A recent report report by the Center for American Progress estimates that investing just $100 billion in the green economy (one-seventh the amount contemplated in the administration's proposed Wall Street bailout) would create 2 million new jobs, with a significant percentage of those coming in the struggling manufacturing and construction sectors. In contrast, investing that much money in the financial services sector would generate just 1.1 million jobs, according to an analysis conducted by the study's authors, Robert Pollin and Heidi Garrett-Peltier of the University of Massachusetts. In other words, Wall Street's offering about half the jobs for the same money: hardly a smart bet for the taxpayer.
A green investment on the level of the Wall Street bailout could create growth on a much larger scale, almost entirely eliminating unemployment and significantly raising middle-class incomes. Instead of golden parachutes for CEOs, the government could finance America's transition from an oil- and fossil-fuel-dependent economy into one run completely on clean energy. Instead of buying up bad McMansion mortgages, we could pay people to retrofit their houses with high-efficiency appliances and green roofs.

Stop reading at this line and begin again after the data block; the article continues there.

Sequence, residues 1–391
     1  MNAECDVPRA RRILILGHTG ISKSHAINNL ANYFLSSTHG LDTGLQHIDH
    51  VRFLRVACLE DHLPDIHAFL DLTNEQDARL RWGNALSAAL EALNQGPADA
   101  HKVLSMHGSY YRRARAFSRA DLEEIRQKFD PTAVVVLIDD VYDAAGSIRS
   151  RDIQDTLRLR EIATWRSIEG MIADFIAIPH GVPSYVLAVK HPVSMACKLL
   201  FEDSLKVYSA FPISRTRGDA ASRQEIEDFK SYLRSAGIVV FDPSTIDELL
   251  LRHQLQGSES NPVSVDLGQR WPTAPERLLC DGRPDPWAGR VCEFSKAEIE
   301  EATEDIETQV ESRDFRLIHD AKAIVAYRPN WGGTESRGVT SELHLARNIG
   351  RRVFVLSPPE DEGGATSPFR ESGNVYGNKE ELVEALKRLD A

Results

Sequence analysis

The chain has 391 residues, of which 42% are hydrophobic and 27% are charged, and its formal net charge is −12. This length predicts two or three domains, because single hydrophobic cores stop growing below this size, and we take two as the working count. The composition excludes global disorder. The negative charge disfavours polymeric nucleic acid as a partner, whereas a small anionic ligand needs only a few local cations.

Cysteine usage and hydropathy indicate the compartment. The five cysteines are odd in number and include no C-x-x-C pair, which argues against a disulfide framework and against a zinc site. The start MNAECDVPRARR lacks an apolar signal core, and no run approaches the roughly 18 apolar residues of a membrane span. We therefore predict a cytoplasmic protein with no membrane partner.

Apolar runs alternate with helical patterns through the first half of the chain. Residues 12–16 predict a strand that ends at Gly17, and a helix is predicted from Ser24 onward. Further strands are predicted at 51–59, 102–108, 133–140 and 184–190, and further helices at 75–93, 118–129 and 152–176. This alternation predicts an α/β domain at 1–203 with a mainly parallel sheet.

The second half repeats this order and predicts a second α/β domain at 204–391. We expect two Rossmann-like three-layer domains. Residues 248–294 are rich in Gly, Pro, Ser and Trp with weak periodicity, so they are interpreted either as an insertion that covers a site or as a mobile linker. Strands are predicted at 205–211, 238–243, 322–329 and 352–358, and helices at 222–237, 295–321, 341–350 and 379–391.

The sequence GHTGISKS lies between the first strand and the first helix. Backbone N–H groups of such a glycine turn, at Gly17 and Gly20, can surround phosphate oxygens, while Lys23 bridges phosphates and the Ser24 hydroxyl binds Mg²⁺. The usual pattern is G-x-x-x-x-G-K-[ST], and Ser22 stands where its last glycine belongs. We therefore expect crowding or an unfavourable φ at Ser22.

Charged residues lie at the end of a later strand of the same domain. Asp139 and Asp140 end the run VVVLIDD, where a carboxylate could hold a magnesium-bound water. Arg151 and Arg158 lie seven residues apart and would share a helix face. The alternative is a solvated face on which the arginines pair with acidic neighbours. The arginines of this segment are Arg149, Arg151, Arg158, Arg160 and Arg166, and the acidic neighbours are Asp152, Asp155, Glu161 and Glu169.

The green stimulus could reach far beyond the energy sector to provide income and employment for rural America as well. It could finance the conservation of tens or hundreds of millions of acres of wildlands, providing income to farmers and other landowners--and make possible a whole new generation of national parks. (Many of those lands are now under threat exactly because of too-easy credit: without limits on lending, it's been all too easy for real estate developers to find the cash to pave over back-country wilderness for sprawl and ranchettes).
The time has come to take a hard look at where we are in this nation and where we want to go.
The question is this: Do we want to leave the next generation in debt and in crisis from a dangerous climate or do we want to take the initiative and start the inevitable conversion to a green economy? To me the answer is obvious. What's less clear is what Congress will do. Make your voice heard at www.projecthotseat.org